The pipeline protestors — who call themselves water protectors — face arrest if they don’t vacate the camp in time, Col. John Henderson of the Corps said in a letter delivered to Tribal Chairman Cave Archambault II on Friday. Citing weather and safety concerns, Henderson claimed the decision was “necessary” to shield the public from “the violent confrontation between protestors and law enforcement officials that have occurred in this area.”
In a statement issued in response to the letter, Archambault II said that the Tribe was “deeply disappointed” by the decision, but reiterated their commitment to protecting the water supply and opposing the pipeline’s construction, particularly the section that would impact the Oahe Lake. “The best way to protect people during the winter, and reduce the risk of conflict between water protectors and militarized police, is to deny the easement for the Oahe crossing, and deny it now,” he said.
The Dakota Access pipeline is a 1,172 mile project that would move close to half a million barrels of crude oil per day through the Dakotas, Iowa, and Illinois. The project would run under a portion of the Missouri River that sits than a mile from the Standing Rock Sioux reservation. For months, tribal members and Indigenous activists concerned that a spill could devastate the tribe’s sole water supply and destroy sacred sites have been protesting the pipeline’s construction, amid increasing tension between law enforcement officials, who have deployed tear gas and water hoses against hundreds of protestors. According to NBC, a protestor was hospitalized after a grenade nearly blew off her arm.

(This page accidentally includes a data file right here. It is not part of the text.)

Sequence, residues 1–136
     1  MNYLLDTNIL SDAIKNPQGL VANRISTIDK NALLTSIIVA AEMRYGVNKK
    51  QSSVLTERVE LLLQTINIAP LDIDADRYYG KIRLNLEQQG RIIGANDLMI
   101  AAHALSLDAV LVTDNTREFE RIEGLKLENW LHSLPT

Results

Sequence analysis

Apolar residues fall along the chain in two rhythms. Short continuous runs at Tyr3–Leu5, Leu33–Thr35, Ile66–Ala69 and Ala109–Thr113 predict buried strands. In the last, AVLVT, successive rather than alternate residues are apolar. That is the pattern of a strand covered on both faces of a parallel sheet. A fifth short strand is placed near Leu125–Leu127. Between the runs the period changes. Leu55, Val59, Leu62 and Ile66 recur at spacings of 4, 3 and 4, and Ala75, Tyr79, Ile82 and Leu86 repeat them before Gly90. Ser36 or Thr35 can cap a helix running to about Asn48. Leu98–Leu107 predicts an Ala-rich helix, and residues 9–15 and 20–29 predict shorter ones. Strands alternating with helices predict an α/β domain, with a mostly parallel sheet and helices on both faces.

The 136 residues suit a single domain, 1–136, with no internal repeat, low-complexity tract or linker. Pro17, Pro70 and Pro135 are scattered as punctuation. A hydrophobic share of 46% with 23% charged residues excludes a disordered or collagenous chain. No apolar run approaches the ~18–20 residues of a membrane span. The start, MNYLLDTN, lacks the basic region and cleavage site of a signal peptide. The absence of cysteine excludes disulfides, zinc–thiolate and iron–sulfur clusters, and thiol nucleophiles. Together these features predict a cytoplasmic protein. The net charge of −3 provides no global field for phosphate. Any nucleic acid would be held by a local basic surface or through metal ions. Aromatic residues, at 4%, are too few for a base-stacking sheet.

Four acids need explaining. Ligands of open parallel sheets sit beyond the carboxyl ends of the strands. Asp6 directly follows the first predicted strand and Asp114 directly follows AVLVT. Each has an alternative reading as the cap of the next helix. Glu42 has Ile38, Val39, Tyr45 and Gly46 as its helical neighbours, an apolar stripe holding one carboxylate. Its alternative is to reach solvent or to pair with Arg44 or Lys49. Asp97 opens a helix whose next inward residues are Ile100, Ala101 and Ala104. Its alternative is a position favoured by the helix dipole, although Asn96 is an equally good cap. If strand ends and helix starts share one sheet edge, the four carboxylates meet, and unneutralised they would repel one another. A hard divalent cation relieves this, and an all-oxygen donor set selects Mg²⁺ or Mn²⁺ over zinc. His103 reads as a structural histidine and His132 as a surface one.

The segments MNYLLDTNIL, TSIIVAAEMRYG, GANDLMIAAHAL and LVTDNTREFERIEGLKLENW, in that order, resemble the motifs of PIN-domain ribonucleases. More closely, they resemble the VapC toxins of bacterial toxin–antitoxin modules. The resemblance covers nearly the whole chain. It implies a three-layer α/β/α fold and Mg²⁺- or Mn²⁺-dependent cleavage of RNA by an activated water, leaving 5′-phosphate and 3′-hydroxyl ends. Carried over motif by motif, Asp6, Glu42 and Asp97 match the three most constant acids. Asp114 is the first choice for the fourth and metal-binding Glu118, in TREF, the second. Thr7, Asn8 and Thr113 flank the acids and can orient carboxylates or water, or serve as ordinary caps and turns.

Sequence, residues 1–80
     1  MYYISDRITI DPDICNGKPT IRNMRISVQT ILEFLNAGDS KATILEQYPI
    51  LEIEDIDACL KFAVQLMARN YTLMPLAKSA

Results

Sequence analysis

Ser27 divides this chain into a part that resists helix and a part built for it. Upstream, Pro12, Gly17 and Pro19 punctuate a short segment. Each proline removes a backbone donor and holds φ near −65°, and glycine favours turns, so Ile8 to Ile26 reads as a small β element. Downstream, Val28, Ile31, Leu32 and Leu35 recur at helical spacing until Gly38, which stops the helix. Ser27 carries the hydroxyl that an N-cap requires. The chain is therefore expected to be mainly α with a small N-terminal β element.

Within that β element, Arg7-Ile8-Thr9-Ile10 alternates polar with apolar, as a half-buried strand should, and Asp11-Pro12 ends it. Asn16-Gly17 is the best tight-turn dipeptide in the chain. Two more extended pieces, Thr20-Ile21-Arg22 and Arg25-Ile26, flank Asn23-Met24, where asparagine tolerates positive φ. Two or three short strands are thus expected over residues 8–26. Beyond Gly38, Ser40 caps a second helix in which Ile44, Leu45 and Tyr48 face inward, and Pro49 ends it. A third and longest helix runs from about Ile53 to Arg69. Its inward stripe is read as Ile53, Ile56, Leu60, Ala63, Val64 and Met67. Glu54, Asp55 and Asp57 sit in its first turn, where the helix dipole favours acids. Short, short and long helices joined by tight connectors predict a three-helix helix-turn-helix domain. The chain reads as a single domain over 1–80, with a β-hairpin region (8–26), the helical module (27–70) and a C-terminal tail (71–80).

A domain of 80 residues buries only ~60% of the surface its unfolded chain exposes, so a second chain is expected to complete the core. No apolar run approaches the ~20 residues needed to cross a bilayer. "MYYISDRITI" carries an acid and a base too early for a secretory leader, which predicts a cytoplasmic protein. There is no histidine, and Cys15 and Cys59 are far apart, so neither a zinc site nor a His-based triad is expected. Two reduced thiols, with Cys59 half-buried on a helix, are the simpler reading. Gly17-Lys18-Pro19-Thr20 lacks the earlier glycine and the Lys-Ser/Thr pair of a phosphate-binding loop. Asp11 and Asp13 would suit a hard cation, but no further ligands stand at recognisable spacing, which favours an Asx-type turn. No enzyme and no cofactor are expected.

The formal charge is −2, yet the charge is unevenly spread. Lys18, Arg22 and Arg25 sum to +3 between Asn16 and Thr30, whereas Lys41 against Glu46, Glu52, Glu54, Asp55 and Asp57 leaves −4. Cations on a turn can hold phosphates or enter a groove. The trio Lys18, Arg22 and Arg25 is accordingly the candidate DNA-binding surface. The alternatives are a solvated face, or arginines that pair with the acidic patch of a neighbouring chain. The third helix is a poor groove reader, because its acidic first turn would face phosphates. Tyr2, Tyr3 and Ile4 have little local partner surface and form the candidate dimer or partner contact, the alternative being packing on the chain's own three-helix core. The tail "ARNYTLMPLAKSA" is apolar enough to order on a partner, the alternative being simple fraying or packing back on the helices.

Meanwhile, more than 30 protestors were arrested at a mall in Bismarck, North Dakota on Black Friday, in a rally planned to coincide with the busiest shopping day of the year. Chaotic video footage captured of the incident shows police arresting dozens of protestors, many chanting “Water is Life.” At one point, they appear to hurl a woman to the ground.
“They just grabbed that woman by the hair, they pulled her down by the hair,” someone says.
Last month, more than 140 people were arrested and dozens injured after law enforcement officials deployed pepper spray and bean bag shots to remove protestors from a camp; earlier this month, police officers pepper sprayed dozens of protestors standing waist-deep in water and shot at least two with rubber bullets.
“My kids get maced every single day,” Eryn Wise of the Indigenous Youth Council told ThinkProgress’ Laurel Raymond. “They tease me and say that the mace doesn’t hurt as bad anymore. I wash it out of their hair, and I’m sick and tired of having to use the water that we’re fighting for to wash the pain off of them.”
Prominent environmental organizations have condemned the aggression, as well as the recent announcement by the Army Corps of Engineers.
“This attempt to dislodge water protectors from their own lands as they stand up for their rights and protect their heritage is a disrespectful and disappointing decision by the U.S. Army Corps of Engineers,” the Sierra Club said in a statement following the Army Corps’ announcement. “If anyone should vacate this land, it is Energy Transfer, the company recklessly pushing this pipeline. The Sierra Club continues to stand with our tribal allies as they peacefully organize in this historic effort, and it is clear we are all determined to continue to keep up this fight in the weeks and months to come.”
Author: Erica Hellerstein